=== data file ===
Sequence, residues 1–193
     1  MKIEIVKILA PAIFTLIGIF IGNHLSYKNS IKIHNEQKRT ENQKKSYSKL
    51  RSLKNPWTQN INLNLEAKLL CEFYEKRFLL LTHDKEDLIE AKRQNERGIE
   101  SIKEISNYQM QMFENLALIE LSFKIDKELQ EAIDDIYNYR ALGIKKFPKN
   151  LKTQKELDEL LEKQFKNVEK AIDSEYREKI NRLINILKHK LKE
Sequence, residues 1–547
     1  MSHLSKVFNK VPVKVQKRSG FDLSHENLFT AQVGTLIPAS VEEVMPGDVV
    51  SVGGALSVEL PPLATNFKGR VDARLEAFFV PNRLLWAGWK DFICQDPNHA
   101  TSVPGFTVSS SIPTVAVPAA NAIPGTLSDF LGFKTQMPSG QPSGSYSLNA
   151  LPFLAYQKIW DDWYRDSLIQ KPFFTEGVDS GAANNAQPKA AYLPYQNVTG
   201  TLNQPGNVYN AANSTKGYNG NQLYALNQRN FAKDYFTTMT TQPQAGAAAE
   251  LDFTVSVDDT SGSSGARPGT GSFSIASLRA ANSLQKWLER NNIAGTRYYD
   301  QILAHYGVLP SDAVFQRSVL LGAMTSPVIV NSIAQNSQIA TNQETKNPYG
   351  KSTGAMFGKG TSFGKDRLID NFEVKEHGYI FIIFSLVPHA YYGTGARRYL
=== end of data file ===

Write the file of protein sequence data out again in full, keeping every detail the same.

Sequence, residues 1–193
     1  MKIEIVKILA PAIFTLIGIF IGNHLSYKNS IKIHNEQKRT ENQKKSYSKL
    51  RSLKNPWTQN INLNLEAKLL CEFYEKRFLL LTHDKEDLIE AKRQNERGIE
   101  SIKEISNYQM QMFENLALIE LSFKIDKELQ EAIDDIYNYR ALGIKKFPKN
   151  LKTQKELDEL LEKQFKNVEK AIDSEYREKI NRLINILKHK LKE
Sequence, residues 1–547
     1  MSHLSKVFNK VPVKVQKRSG FDLSHENLFT AQVGTLIPAS VEEVMPGDVV
    51  SVGGALSVEL PPLATNFKGR VDARLEAFFV PNRLLWAGWK DFICQDPNHA
   101  TSVPGFTVSS SIPTVAVPAA NAIPGTLSDF LGFKTQMPSG QPSGSYSLNA
   151  LPFLAYQKIW DDWYRDSLIQ KPFFTEGVDS GAANNAQPKA AYLPYQNVTG
   201  TLNQPGNVYN AANSTKGYNG NQLYALNQRN FAKDYFTTMT TQPQAGAAAE
   251  LDFTVSVDDT SGSSGARPGT GSFSIASLRA ANSLQKWLER NNIAGTRYYD
   301  QILAHYGVLP SDAVFQRSVL LGAMTSPVIV NSIAQNSQIA TNQETKNPYG
   351  KSTGAMFGKG TSFGKDRLID NFEVKEHGYI FIIFSLVPHA YYGTGARRYL